Simple QE for Dense Linear Orders

Example of dense linear order: rational numbers with less-than relation. (It works in the same way for real numbers with less-than relation.)

Theory of Dense Linear Orders

Language ${\cal L} = \{ < \}$. Atomic formulas are of two forms:

  • $x=y$
  • $x < y$

Literals are either atomic formulas or their negations.

Formulas $T$ are the formulas that are closed formulas that are true in the structure $(\mathbb{Q},<)$ or rational numbers.

Example: The 'successor' formula:

   \forall x. \exists y.\ x < y \ \land\ (\forall z. (x < z \rightarrow z=y \lor y < z)

Is this formula true in dense linear orders? Is there a non-dense linear order where its truth value is different?

Normal form of Formulas

We have seen that it suffices to eliminate quantifiers from conjunctions of literals.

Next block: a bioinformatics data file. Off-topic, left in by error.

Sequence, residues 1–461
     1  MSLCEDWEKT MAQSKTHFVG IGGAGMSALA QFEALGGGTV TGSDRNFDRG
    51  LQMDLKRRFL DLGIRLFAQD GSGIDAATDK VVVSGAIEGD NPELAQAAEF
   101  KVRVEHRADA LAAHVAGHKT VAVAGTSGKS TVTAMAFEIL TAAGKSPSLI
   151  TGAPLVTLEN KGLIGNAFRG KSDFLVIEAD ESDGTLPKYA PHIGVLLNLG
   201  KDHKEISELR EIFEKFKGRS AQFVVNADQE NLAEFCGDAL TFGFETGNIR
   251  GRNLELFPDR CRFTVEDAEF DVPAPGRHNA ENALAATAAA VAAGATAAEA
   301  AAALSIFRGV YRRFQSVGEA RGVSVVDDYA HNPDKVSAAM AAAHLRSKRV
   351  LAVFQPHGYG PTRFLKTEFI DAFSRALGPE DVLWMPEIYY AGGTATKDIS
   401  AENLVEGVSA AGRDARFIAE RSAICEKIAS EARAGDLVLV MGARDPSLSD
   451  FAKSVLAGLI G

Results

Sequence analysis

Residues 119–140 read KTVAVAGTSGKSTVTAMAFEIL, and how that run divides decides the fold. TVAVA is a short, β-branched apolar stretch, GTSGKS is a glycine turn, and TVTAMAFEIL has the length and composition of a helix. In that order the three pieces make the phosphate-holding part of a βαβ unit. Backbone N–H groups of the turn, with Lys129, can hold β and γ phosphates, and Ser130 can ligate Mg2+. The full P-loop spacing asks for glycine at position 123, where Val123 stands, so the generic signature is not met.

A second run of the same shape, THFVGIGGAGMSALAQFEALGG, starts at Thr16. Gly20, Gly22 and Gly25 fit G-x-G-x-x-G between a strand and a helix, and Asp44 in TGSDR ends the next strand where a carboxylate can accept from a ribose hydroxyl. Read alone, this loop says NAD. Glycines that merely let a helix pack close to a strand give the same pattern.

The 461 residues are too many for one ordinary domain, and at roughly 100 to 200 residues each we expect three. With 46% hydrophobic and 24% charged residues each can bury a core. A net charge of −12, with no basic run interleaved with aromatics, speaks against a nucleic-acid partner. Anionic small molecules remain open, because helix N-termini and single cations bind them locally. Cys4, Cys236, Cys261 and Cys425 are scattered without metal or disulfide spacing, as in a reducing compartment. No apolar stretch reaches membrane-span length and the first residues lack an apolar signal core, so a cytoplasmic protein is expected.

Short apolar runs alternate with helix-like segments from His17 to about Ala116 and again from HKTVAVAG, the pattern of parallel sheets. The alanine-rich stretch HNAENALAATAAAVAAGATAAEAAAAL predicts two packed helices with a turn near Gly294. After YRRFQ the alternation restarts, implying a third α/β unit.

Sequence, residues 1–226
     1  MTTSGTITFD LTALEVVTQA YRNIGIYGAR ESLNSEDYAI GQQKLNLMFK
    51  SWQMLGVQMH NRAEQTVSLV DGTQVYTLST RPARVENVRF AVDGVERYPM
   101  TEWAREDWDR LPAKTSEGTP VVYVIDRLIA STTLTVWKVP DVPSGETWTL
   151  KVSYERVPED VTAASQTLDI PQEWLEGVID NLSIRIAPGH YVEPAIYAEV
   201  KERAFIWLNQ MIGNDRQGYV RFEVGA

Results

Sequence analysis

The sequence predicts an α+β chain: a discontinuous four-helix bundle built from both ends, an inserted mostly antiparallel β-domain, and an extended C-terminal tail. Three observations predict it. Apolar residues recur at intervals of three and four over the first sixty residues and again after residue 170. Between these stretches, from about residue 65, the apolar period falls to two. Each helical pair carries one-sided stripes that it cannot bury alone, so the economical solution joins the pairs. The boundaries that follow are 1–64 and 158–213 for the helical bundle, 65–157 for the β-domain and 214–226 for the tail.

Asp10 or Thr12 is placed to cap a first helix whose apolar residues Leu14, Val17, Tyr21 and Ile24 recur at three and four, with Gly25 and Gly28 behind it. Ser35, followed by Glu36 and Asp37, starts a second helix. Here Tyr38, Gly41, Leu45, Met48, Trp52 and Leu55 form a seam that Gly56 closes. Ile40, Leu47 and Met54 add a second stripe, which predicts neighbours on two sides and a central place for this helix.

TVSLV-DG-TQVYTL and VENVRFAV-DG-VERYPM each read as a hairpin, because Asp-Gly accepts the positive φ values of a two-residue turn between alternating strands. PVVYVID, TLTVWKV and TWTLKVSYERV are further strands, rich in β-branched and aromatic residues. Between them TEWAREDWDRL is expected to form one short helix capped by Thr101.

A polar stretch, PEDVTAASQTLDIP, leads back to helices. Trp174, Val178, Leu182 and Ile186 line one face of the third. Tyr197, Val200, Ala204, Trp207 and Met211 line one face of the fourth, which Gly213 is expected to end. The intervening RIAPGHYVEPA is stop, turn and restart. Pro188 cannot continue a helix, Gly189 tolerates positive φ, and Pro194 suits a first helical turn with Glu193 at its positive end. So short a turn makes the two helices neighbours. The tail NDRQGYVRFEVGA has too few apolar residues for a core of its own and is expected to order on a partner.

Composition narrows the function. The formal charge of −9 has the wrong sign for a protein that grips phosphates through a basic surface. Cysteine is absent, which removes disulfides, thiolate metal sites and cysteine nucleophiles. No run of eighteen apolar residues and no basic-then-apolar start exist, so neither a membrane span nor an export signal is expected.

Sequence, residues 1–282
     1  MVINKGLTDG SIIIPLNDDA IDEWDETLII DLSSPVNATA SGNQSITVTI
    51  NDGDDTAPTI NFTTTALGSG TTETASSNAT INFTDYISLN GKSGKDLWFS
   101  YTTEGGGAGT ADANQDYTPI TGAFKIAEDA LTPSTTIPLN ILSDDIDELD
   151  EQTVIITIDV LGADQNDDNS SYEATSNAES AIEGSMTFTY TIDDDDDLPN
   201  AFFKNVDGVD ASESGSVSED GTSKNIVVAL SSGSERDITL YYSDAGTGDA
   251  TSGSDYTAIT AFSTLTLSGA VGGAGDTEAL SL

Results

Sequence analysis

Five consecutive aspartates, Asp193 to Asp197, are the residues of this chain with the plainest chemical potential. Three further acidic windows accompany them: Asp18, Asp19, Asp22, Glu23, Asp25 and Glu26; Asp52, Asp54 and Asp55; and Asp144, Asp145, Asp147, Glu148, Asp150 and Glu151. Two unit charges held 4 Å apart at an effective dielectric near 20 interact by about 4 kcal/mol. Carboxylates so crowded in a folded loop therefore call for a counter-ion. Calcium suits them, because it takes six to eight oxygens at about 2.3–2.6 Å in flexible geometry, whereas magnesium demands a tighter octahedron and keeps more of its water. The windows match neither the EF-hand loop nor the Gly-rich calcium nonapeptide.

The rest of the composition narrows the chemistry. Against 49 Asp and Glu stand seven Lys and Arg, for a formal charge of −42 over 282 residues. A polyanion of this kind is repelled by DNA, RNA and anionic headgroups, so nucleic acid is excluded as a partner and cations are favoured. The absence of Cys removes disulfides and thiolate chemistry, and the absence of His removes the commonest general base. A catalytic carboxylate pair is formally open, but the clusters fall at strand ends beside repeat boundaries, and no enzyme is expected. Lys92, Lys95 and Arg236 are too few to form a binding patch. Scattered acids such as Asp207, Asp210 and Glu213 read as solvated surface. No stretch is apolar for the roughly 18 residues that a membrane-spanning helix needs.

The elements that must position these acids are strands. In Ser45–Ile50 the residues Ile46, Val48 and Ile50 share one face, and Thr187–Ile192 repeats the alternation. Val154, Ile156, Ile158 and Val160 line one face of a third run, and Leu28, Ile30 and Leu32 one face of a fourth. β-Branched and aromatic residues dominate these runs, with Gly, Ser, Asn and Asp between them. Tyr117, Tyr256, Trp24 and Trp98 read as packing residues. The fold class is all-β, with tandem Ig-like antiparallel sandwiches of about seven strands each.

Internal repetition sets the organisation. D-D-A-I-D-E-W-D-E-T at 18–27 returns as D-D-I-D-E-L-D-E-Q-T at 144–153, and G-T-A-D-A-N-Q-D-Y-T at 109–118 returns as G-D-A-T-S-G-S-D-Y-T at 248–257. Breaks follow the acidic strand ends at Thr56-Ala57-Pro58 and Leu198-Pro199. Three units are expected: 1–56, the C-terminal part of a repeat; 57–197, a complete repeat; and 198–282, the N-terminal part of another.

Can we assume that literals are of a special form?

Example: simplify these formulas:

  • $x < y\ \land\ \lnot (y < z) \ \land\ (x \neq z)$
  • $x < y\ \land y < x$

If we have three concrete values for $x,y,z$, what is the form of the strongest type of a formula that we could write about them in this language? (atomic type formula)

Theorem: every quantifier-free formula in a language with only relational symbols is a disjunction of atomic type formulas

  • if we know the set $T$ of axioms, we may be able to show that the atomic type formulas have a simple form

Quantifier Elimination Step

Quantifier elimination from atomic type formulas:

Quantifier elimination from more general formulas:

Example: Use quantifier elimination to compute the truth value in dense linear orders for the example 'successor' formula above.